However, the most infamous, disruptive experiment of them all was conducted on July 5, 1996, when a Finn Dorset lamb named Dolly was born – marking the first time a mammal was cloned. This has opened up many more avenues, and since then, many more mammals have been successfully cloned, including grey wolves, wild goats, mice, pigs, and of course dogs, cats, and horses. Each animal has a different reproductive process, which is why the procedure for each type of animal varies slightly and requires additional research.
This has undoubtedly brought upon questions of the possibility for human cloning, such as that promised by the storylines abundant in popular science-fiction. This is understandably illegal in most parts of the world. The farthest this has (legally) gone is research into cloning stem cells which can be reprogrammed to any type of cell needed to repair damaged tissue in the body. This area of research has seen a great deal of investment.
Scientists are also looking into cloning endangered and extinct species – most recently, it was announced that researchers are trying to bring back woolly mammoths through a procedure similar to pet cloning.
There have been a lot of ethical problems that have been associated with cloning. First, the process of pet cloning will hurt the egg donor, as well as the surrogate mother. Under normal circumstances, extracting eggs and implementing cesarean sections are not integral procedures for animals, and although they aren’t necessarily harmful, they leave them in a great deal of pain.
This moral toll is elevated when you consider that it requires several donors to produce one viable clone. A lot of implanted pregnancies do not take hold or may die at birth, due to the invasiveness of the procedure. In the first successful dog cloning in 2005, more than 1,000 embryos were implanted into 123 surrogates to produce a single cloned dog. This fact remains true for all other animals.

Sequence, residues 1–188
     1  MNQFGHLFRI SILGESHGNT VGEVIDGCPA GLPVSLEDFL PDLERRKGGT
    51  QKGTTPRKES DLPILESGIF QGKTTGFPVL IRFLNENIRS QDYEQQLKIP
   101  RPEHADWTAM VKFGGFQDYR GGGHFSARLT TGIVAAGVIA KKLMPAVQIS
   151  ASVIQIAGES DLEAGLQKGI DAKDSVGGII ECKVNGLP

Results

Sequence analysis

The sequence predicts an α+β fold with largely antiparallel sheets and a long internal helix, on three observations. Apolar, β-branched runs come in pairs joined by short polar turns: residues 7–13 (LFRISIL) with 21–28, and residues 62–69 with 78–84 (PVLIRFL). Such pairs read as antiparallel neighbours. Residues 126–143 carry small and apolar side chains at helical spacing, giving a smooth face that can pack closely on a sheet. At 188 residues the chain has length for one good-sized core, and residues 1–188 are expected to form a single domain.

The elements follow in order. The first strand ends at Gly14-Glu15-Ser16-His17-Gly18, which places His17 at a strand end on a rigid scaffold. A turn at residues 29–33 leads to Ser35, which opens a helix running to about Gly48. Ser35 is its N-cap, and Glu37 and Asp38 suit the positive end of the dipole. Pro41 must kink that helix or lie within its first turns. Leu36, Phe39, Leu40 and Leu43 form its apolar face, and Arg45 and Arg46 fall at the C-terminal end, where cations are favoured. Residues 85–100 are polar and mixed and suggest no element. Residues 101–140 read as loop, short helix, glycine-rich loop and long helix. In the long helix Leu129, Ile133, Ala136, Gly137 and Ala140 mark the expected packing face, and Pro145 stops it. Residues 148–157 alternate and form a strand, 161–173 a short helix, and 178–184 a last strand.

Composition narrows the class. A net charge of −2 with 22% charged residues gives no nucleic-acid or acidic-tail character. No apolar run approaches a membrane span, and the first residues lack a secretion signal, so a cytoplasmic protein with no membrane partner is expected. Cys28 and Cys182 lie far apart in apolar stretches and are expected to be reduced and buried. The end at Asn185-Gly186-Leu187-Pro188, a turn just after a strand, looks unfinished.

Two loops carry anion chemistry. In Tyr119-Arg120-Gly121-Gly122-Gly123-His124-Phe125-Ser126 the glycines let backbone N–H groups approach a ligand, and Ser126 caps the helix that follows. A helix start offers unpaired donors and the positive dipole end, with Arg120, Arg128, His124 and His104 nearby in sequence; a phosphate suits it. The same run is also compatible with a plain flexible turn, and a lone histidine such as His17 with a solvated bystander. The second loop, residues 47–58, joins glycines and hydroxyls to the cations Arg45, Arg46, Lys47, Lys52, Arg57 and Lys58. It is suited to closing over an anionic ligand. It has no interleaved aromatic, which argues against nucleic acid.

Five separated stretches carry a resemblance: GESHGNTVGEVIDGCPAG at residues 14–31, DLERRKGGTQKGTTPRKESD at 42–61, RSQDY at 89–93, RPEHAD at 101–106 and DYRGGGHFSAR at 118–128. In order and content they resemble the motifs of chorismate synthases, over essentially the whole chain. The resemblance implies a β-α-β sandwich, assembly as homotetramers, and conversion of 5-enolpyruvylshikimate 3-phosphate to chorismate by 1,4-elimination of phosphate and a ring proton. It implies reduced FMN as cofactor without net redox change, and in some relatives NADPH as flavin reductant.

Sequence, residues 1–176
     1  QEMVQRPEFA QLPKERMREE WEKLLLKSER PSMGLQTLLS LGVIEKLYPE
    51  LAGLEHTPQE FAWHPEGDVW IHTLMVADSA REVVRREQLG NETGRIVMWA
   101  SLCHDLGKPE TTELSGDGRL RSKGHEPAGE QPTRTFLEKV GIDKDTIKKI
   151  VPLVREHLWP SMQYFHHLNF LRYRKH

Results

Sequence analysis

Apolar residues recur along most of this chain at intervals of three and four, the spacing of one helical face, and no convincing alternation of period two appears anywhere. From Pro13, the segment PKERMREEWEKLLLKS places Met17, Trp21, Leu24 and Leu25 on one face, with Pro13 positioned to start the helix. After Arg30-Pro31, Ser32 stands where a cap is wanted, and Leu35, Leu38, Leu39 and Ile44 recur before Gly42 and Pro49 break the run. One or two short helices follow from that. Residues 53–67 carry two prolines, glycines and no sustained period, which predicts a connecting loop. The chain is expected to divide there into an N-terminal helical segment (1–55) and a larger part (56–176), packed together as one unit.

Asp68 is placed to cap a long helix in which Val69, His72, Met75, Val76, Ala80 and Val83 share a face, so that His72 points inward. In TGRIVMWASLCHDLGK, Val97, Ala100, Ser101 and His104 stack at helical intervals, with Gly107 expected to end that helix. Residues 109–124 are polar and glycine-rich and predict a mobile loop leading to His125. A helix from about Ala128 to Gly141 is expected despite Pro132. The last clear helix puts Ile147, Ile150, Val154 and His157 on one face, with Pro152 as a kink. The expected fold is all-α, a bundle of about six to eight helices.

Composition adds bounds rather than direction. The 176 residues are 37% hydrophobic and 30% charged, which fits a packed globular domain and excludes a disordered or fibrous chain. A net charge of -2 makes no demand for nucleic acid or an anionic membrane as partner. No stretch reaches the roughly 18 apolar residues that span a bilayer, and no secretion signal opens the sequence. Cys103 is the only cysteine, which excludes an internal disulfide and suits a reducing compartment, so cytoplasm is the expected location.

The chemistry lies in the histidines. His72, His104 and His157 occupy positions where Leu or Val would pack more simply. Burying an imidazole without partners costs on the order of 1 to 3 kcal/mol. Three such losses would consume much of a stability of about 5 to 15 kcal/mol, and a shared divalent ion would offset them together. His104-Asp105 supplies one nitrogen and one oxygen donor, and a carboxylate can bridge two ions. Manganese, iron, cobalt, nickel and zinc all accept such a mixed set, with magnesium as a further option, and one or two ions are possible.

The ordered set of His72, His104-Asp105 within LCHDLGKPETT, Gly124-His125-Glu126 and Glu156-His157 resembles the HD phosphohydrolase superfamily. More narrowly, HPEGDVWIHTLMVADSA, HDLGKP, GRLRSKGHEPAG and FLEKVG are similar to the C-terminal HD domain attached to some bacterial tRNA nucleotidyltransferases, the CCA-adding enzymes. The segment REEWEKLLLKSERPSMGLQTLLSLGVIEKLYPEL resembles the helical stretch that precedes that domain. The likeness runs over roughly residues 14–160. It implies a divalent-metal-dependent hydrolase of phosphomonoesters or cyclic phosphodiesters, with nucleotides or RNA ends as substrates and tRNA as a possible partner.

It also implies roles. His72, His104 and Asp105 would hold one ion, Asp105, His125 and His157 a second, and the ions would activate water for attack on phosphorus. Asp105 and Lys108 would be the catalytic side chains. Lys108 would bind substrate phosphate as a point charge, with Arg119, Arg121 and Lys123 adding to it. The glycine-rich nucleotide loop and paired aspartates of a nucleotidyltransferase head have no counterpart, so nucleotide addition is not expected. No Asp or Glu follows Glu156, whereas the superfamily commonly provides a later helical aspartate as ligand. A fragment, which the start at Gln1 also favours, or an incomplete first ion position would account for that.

Arko III is perhaps one of the most acclaimed subjects of cloning, perhaps marking the next step in competitive breeding, and perhaps one of the first resurrections of an illustrious sports figure.
ViaGen Pets & Equine President Blake Russell reflected:
‘The ability to play a part in reproducing a phenomenal genotype like Arko III is what makes our effort worthwhile. We are very excited to see him grow and develop and make his footprint on the industry. It is a real pleasure to collaborate with great partners like Gemini Genetics and their sister company, Stallion AI Services, to help bring our services to clients around the globe. …I hope all can see that cloning technology is a powerful advanced reproductive technology that can bring great opportunity.’
Although there are many things to consider, these services could provide pet owners with a second chance at life with their beloved companions.
About the Author: Shadine Taufik
Shadine Taufik is a contributing Features writer with expertise in digital sociology and culture, philosophy of technology, and computational creativity.